What I don't understand is why the US government doesn't look to countries that have excellent health care and use their models. (Canada, Britain, France for example) It's like the US is trying to reinvent the wheel. The propaganda ads regarding this are horrendous. Do the people really believe that private insurance companies have their best interests at heart? How can anyone believe that any for-profit business has any agenda other than, well, profit?

@redhairedwitch

Ella said...

I completely agree on the ideological level with you: this bill does not do what Obama promised to do and it does not do what the country needs. But the effort for actual reform has been so crippled by the elections--not because Republicans are the devil, but because this two-party system has set up our politics so that they are out for blood, not for what's best for America. It's hard for me to believe that they are letting their desire to see Obama fall on his face obstruct their efforts to build something constructive that will fix the obvious problems with healthcare, but that's the only conclusion I can draw from what's going on. So while it breaks my heart to see the country letting go of what could save the most dangerously broken industry in the nation, I'm also torn by a sense of realism that says that we have to get something through, even if it falls short of the full measure that we need. It's disappointing to give in to realism, though--it makes me wonder what opportunities were missed that allow idealism to fall under the wheels.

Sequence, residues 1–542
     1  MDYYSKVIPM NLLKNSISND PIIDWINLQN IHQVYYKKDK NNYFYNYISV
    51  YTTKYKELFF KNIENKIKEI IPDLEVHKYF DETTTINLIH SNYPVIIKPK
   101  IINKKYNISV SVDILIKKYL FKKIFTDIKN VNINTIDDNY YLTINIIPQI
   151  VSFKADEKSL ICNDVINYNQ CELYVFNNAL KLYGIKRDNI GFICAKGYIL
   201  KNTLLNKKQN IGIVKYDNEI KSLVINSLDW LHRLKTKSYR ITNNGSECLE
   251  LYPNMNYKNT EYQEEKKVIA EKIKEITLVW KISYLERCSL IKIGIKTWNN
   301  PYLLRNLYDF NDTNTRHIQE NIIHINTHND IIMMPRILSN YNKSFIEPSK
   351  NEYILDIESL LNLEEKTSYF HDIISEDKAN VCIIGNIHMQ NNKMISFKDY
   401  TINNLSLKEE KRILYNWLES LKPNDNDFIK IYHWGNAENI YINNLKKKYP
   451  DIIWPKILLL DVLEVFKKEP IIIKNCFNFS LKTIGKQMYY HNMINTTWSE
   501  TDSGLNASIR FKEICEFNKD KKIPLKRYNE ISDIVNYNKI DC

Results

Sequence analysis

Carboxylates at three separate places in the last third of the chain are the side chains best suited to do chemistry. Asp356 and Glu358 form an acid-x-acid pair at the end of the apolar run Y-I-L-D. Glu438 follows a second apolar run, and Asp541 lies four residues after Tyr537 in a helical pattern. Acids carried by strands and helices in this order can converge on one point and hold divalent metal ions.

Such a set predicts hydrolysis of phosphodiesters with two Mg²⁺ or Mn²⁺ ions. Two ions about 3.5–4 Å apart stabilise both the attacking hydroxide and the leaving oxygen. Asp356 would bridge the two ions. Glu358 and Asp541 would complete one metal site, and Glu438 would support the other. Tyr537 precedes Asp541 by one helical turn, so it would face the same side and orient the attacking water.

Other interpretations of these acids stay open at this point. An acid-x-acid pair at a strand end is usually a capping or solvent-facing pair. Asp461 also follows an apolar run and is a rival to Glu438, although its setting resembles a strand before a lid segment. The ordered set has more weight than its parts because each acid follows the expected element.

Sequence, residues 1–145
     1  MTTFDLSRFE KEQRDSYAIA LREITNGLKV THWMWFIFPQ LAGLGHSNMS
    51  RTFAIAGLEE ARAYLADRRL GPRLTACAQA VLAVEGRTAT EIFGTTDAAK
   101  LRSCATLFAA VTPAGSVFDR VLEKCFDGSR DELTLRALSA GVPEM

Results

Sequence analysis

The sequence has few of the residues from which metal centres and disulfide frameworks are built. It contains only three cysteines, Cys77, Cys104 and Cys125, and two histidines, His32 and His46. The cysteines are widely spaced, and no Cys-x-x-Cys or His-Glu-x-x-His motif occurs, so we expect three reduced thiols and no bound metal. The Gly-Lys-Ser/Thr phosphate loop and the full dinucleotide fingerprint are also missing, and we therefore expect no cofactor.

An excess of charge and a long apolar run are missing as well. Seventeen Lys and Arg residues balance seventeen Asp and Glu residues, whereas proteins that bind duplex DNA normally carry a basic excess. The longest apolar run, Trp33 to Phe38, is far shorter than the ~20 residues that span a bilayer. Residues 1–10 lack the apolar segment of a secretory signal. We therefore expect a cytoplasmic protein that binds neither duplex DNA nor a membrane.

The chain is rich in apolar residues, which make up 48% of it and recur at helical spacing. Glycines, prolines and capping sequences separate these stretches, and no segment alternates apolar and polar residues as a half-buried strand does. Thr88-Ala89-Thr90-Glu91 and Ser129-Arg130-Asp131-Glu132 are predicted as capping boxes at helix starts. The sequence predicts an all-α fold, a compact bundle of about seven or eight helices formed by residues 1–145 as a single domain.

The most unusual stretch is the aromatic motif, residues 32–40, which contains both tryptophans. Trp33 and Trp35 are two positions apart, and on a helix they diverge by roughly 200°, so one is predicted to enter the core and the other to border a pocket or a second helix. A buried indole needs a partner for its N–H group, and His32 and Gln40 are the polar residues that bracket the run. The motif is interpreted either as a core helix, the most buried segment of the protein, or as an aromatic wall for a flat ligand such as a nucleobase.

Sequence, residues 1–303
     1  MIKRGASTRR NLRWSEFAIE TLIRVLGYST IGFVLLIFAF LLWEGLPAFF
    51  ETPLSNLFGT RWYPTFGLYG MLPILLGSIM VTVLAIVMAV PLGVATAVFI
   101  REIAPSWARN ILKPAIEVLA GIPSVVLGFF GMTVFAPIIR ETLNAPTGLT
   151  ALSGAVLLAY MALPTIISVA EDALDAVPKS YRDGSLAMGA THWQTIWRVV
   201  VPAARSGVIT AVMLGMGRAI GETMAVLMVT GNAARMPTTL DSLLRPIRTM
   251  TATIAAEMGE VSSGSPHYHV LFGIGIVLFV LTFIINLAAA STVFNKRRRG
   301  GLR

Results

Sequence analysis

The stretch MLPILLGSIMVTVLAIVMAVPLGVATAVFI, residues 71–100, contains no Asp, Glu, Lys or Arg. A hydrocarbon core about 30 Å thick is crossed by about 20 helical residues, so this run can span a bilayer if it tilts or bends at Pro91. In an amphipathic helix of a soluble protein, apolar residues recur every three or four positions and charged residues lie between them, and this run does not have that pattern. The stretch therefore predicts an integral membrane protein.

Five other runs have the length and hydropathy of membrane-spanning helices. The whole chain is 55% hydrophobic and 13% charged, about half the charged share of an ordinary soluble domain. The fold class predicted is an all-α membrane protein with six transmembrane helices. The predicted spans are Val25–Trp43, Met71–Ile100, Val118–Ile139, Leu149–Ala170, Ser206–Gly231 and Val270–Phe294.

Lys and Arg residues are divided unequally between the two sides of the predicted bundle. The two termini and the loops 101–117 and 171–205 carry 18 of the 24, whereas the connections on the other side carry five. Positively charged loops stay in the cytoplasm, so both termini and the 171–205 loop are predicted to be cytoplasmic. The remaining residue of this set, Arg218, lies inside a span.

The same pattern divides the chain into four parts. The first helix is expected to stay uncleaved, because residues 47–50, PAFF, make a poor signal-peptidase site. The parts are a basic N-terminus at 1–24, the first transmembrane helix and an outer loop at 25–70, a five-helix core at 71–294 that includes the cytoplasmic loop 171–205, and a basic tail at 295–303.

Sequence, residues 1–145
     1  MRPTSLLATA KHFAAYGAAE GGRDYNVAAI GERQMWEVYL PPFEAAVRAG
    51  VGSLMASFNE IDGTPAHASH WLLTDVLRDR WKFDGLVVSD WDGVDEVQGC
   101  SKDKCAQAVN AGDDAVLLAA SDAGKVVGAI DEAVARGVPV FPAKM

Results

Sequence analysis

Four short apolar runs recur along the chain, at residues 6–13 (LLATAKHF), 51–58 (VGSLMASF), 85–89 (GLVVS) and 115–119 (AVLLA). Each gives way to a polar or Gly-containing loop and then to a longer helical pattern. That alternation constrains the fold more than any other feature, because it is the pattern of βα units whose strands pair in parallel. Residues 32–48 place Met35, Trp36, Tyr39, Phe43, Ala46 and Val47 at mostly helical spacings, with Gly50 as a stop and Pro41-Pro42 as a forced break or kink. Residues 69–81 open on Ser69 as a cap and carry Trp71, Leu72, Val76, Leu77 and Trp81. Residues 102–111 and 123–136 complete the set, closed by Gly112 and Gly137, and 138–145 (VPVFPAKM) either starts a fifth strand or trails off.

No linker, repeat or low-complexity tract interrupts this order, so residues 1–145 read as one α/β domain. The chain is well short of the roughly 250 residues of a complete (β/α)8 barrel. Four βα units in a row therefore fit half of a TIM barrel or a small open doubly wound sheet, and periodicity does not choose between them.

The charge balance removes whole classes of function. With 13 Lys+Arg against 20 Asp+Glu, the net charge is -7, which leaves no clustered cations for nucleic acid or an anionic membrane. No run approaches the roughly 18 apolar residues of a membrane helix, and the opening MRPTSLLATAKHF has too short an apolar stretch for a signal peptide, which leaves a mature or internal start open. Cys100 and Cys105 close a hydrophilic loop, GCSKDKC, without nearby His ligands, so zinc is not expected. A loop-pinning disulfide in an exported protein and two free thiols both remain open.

standtogether said...

I would add onto this, but you said it all. So, amen. Hallelujah.

@Niamhcat said...

Oh, we do. We look with longing at those civilized countries who consider health care a right. What I don't know is how they got from where we are to where they are now. Were they ever plagued by insurance companies as we are? Did they ever have a for profit system, or were they governed from the start by wise leaders?

So much of what is wrong with this country I source to what I call the Puritan taint, that fetid breath of undead religious fundamentalism that has been here since the early settlements. Canada has largely escaped that, I think.

Anonymous said...

Janet, your comments are interesting. Unfortunately, I think they are misguided. The healthcare in Britain (National Health Service, NHS) is not excellent, not by a long shot. The heathcare is paid for by very high taxes - I can see the working folk in the US screaming right now! In addition, even though we pay incredible taxes to cover the cost of the NHS, the healthcare we are provided is sub-par. Britain's don't have access to cutting edge cancer treatments, the best doctors, or the best medical equipment and that's because it a state run affair with tons of bureaucracy. If you want this mess in the US, carry on!

Shira said...

THIS. Jeez.